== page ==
NE Scotland, Orkney & Shetland

Meet Macca: The UK's first stoat detection dog

Macca the dog
Image caption Macca is already an experienced stoat finder

Orkney has a stoat problem, and Macca the Fox Terrier has been flown in from New Zealand to help get rid of them.

It is the first time in the UK a dog has been used for the task.

Stoats are native to the British mainland but are a menace to small creatures like voles, hen harriers and short-eared owls in Orkney.

Macca does not kill stoats, but indicates their location to his handler. This helps conservationists to decide where to set humane traps.

He has been finding stoats in New Zealand, the only other place where the animal is an invasive species, for over two years.

Image copyright cwk15
Image caption Stoats look cute but eat small birds and mammals, including the native Orkney vole

Sarah Sankey, from the Orkney Native Wildlife Project, told BBC Radio Orkney: "Stoats arrived in Orkney in 2010 and until recently had been confined to the mainland and islands linked by bridges, but we are now getting reported sightings from other islands.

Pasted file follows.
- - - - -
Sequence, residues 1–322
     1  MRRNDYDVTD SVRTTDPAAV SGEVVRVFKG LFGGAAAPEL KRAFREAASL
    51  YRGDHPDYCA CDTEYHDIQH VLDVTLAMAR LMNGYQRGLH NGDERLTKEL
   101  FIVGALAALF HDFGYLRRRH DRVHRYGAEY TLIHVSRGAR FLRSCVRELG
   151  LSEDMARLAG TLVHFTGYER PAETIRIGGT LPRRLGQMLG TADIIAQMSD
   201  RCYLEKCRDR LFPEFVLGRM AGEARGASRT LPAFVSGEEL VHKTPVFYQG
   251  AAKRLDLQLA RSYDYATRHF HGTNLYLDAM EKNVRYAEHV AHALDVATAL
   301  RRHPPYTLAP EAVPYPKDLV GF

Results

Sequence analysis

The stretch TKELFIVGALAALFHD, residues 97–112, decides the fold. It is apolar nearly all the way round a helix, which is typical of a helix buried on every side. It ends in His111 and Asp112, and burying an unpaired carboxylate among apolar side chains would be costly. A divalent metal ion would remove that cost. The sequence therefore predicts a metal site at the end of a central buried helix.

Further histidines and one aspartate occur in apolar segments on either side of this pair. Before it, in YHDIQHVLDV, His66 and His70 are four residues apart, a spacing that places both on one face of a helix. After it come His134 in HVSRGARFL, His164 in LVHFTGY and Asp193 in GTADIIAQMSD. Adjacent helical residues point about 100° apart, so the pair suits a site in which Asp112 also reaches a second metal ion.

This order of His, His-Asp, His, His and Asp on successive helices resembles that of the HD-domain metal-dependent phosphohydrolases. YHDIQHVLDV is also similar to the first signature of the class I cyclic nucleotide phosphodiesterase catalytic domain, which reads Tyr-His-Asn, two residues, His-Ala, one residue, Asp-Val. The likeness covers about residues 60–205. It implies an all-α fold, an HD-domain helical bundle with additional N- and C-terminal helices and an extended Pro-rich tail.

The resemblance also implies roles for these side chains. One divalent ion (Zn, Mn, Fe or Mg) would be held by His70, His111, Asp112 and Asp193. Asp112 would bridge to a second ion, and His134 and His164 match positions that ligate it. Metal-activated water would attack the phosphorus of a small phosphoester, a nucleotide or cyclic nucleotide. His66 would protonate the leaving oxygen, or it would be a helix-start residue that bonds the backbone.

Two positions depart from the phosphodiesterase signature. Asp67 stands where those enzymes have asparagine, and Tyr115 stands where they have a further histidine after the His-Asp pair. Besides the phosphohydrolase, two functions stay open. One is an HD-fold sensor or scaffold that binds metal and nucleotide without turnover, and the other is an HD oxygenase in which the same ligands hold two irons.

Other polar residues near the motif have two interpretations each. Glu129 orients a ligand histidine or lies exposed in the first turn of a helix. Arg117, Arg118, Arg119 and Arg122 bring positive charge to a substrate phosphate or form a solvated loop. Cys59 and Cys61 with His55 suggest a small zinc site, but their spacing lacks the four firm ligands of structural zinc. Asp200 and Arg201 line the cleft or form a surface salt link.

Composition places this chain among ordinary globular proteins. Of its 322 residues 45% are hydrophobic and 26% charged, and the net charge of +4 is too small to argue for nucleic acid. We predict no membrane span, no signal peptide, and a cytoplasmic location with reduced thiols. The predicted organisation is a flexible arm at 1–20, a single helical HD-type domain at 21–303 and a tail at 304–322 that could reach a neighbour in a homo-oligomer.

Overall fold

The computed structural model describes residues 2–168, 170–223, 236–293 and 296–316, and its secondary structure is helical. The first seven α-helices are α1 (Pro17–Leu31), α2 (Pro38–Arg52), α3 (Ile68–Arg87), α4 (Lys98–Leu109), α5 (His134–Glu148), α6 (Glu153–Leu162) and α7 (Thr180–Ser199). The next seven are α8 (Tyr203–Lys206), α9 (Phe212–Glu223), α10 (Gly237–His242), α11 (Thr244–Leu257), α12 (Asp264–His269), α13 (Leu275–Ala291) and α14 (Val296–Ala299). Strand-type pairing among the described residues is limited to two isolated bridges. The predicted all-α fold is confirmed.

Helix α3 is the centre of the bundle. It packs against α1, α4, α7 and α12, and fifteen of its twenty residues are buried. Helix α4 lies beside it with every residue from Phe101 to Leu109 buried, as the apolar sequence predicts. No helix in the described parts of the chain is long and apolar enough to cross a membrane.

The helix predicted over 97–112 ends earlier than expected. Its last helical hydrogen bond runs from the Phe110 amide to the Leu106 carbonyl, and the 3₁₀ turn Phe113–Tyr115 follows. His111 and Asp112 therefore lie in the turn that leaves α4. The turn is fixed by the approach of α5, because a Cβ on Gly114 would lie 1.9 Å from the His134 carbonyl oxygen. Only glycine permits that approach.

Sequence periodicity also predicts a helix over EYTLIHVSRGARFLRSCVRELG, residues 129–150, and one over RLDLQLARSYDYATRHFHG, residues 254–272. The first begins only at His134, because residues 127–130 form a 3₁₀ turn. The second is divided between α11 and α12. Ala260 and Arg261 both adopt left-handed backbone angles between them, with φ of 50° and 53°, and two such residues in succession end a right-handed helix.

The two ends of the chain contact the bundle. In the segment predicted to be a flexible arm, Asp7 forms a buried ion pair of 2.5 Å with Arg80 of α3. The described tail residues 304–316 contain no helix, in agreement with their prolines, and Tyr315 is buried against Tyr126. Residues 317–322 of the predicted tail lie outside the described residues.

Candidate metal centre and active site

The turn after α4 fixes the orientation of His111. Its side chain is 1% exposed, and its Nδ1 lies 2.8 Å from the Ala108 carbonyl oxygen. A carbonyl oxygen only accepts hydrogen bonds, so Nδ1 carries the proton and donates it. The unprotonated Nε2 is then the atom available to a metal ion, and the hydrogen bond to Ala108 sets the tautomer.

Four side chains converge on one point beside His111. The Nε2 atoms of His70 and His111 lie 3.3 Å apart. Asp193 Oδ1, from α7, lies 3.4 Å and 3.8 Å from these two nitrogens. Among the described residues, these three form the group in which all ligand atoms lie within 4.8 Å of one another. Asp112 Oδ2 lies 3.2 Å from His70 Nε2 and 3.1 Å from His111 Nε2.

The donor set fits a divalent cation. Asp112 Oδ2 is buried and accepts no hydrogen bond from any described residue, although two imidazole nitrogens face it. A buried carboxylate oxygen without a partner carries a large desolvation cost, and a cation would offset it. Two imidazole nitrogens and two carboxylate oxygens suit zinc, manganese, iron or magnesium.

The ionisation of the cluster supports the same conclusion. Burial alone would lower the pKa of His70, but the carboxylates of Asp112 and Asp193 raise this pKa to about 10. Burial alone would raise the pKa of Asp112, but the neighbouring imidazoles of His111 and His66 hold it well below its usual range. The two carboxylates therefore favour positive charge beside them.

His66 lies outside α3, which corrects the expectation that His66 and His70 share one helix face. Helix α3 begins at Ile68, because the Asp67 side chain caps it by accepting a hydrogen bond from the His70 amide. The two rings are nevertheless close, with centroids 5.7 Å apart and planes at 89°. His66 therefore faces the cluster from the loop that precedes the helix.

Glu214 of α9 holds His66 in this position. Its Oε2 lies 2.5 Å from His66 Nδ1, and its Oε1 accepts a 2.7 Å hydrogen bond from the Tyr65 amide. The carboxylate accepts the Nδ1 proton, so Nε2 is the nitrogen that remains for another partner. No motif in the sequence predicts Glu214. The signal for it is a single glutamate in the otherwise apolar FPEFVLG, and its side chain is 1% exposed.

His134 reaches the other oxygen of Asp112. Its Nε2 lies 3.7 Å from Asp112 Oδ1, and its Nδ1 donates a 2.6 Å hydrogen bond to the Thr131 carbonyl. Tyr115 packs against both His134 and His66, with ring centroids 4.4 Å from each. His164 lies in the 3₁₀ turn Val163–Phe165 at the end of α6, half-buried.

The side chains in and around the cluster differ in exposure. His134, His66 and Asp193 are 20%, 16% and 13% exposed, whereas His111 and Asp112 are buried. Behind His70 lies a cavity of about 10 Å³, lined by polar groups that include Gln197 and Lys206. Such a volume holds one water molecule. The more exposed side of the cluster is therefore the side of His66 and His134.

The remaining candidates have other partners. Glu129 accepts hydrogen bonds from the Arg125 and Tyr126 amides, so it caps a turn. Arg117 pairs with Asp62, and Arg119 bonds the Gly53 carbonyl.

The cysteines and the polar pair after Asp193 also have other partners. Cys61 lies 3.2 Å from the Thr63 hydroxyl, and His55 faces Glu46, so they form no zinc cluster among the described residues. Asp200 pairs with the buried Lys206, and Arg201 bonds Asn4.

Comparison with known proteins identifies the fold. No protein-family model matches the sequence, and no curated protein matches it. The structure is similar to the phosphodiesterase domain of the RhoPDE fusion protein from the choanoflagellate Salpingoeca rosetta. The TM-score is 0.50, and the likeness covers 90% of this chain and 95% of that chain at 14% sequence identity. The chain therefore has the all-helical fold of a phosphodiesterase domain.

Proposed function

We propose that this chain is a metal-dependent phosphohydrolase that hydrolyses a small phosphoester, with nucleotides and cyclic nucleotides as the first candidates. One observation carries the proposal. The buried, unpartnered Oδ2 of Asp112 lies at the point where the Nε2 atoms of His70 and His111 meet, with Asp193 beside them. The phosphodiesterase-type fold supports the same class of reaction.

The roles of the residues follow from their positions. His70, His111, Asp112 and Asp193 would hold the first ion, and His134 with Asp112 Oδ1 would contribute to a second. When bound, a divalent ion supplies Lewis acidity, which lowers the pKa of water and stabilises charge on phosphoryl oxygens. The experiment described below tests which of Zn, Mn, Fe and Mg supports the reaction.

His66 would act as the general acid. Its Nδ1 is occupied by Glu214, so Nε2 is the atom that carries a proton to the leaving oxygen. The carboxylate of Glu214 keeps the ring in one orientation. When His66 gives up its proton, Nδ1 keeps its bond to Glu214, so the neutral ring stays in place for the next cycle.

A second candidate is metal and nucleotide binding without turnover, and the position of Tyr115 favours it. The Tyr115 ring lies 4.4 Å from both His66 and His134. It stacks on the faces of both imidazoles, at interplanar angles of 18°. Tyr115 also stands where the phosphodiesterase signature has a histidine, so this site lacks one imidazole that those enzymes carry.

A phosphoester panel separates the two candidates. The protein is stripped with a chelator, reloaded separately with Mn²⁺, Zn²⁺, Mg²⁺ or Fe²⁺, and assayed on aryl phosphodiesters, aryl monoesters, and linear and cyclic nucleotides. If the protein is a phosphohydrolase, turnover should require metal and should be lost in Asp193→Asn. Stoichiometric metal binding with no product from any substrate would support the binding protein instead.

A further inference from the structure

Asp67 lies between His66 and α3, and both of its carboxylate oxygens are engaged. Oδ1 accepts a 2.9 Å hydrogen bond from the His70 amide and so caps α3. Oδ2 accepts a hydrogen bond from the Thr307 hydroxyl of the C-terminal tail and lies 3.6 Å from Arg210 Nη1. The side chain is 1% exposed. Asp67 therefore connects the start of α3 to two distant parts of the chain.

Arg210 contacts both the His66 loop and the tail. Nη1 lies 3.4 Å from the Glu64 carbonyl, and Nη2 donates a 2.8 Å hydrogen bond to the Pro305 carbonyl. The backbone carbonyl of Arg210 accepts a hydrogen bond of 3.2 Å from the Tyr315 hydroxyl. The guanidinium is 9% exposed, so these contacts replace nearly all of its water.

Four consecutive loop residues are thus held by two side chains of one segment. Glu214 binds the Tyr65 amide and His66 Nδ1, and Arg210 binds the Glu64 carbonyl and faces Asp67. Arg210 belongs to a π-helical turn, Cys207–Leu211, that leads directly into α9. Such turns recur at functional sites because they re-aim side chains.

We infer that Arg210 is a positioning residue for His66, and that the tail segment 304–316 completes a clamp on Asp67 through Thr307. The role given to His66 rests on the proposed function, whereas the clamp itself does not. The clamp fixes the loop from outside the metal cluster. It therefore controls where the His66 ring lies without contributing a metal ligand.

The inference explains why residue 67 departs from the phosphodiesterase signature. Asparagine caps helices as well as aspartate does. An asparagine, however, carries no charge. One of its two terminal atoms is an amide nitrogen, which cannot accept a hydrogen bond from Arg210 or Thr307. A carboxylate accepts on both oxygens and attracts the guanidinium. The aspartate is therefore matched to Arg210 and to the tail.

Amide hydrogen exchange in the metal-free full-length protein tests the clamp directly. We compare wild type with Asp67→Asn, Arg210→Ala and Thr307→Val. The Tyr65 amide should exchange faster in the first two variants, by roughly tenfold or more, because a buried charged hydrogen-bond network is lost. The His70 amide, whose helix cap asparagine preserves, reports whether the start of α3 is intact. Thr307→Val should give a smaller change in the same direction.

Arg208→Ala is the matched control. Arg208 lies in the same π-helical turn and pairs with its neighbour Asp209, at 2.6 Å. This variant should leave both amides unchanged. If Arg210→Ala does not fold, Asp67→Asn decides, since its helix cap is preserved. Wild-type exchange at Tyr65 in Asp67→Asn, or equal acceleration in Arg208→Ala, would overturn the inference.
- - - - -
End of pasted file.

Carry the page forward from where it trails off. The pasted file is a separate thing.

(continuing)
"We put traps and cameras onto these islands, but the presence of stoats is really difficult to confirm. So a dog is a failsafe way of finding out whether they're there or not."

Stoats are can swim up to 3km (2 miles), so there is a risk that even if they're completely eradicated from the mainland, others could swim back from smaller islands.

Macca, and his handler Ange Newport, will make sure there are no stoats living on islands like Hoy and Shapinsay before a full removal can take place on the mainland.

It would be the world's largest island eradication project.

Image caption Ange Newport has been working with Macca for over two years

Ange said: "We've been dealing with this in New Zealand for a long time. In places we can keep them off, like islands, we've been very successful.

"Although he is not really a pet, Macca is definitely part of my family. We have a very strong bond, which is integral to the success of our work, and we also enjoy our free time together too.

Image caption Dogs are a common part of Kiwi conservation efforts, but it's not all work

"He enjoys a good romp on the beach at home, saying hi to the other beach dogs out there, and running after sticks in the surf.

"Mac loves his job and is surely happy to be here, and he does have a rather Scottish sounding name, which hopefully puts him in good stead for making friends."

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